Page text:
Armed revolution, the letter argued, would be difficult in England because the workers leaned toward compromise and evolutionary Marxism (something that had been promoted by playwright George Bernard Shaw, members of the British Fabian Society, and even Karl Marx) and must be gradually prepared for armed struggle. In Ireland Ireland and the British colonies, the letter suggested, armed revolution would be possible because of the “national” question. However, England could quickly develop more revolutionary ideas if circumstances such as strikes and government repression were to hasten the development of a militant ideology. In the meantime the CPGB would have to rely on propaganda.

The letter concluded with a suggestion that CPGB recruitment and work among the military was weak and must be more forcefully attended to, especially among units in the larger cities. The CPGB, it said, must pay especial attention to building cells among munitions factories and arms depots. If war came, Communist Party cells in those areas and among transport workers would hamper the bourgeoisie war effort and lead to a class war. The CPGB must train military specialists as the future leaders of a British “Red Army.” The letter suggested slogans for the CPGB, including “Danger of War” and “The Bourgeoisie Seeks War; Capital[seeks] Fresh Markets.” Such language, which indicated, at minimum, interference in British internal affairs by Moscow and, in the extreme, an attempt to overthrow the British government by violent revolution, was exceedingly inflammatory. The public release of the letter served the interests of the Conservative Party in its election campaign against Labour.

The letter, however, was found to be a forgery, written by British intelligence agents, most likely Sidney Reilly, a Russian immigrant and notorious British spy in Soviet Russia. The letter’s origins, though, have yet to be proven. Desmond Morton, a British intelligence officer familiar with Soviet affairs, had received the letter and handed it over to the British foreign office. He initially thought the letter genuine but later expressed doubts about its authenticity.

Impact

The purpose of the forgery was to embarrass the Labour government. Historians agree that it played a critical part in bringing down the government in the ensuing election. In the end, however, the Liberal Party suffered the most from the scandal. The Conservatives gained more than 150 seats, part of a total of more than 400 (twice as much as all other parties combined). Labour lost 40 seats but still remained the leader of the opposition. The once-powerful Liberal Party lost more than 100 seats and never really recovered. Labour, along with Macdonald, returned in 1929, and MacDonald remained prime minister for six years; also, Great Britain would come to recognize the Soviet Union as a nation.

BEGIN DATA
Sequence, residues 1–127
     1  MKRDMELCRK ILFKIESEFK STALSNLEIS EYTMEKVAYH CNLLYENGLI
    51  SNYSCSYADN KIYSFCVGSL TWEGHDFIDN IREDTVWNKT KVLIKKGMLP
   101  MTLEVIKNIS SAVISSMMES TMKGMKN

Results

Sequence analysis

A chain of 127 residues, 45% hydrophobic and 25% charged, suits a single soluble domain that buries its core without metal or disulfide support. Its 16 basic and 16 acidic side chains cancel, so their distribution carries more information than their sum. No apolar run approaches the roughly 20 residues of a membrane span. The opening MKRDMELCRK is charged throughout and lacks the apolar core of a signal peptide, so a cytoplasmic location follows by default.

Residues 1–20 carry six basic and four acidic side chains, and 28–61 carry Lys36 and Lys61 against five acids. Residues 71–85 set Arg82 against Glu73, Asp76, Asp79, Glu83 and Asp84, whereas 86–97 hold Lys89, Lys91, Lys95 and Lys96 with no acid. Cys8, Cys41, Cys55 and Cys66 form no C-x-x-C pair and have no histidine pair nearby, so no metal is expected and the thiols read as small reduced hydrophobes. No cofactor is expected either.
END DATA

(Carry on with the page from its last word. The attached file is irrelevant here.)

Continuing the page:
After the triumvirs defeated Trotsky, Zinovyev lost out in the power struggle with Stalin, who removed him from the Comintern and ordered his execution in 1936. The Comintern, which under Stalin became a complete instrument of Soviet foreign policy, was ended by him in 1943, when the Soviet Union and Britain became allies against Germany in World War II. Soviet Union Communist Party Reilly, Sidney Morton, Desmond MacDonald, Ramsay

Further Reading
  • citation-type="booksimple"

    xlink:type="simple">Bennett, Gill. Churchill’s Man of Mystery: Desmond Morton and the World of Intelligence. New York: Routledge, 2007. A biography of the British spy who reportedly first received the Zinovyev letter.
  • citation-type="booksimple"

    xlink:type="simple">Chester, Lewis, Stephen Fay, and Hugo Young. The Zinoviev Letter. Philadelphia: Lippincott, 1968. An unconvincing attempt to unravel the mystery of the Zinovyev letter.
  • citation-type="booksimple"

    xlink:type="simple">Hallas, Duncan. The Comintern. London: Bookmarks, 1985. A Marxist history of the Comintern. Includes a helpful chronology. Hallas, unfortunately, does not discuss the Zinovyev letter because it was a fraud.
  • citation-type="booksimple"

    xlink:type="simple">Laybourn, Keith, and John Shepherd. Britain’s First Labor Government. New York: Palgrave Macmillan, 2007. A description and analysis of Labour’s 1924 government by two eminent British historians.
  • citation-type="booksimple"

    xlink:type="simple">Lyman, Richard W. The First Labor Government, 1924. London: Chapman & Hall, 1957. Classic account of the first MacDonald government. An appendix focuses on the Zinovyev letter.
  • citation-type="booksimple"

    xlink:type="simple">McDermott, Kevin, and Jeremy Agnew. The Comintern: A History of International Communism from Lenin to Stalin. New York: St. Martin’s Press, 1997. An excellent historical account of the Comintern, encompassing both Western and Soviet sources. Includes major primary-source documents.
  • citation-type="booksimple"

    xlink:type="simple">Mowat, Charles Loch. Britain Between the Wars, 1918-1940. Chicago: University of Chicago Press, 1961. A scholarly treatment of the interwar era. Chapter 3 deals with the Macdonald government and the Zinovyev letter.
  • citation-type="booksimple"

    xlink:type="simple">Thorpe, Andrew A. History of the British Labor Party. New York: Palgrave Macmillan, 2008. History of the Labour Party from its origins to 2000, by a distinguished British historian. The third chapter discusses the Zinovyev letter. Includes appendixes and a bibliography.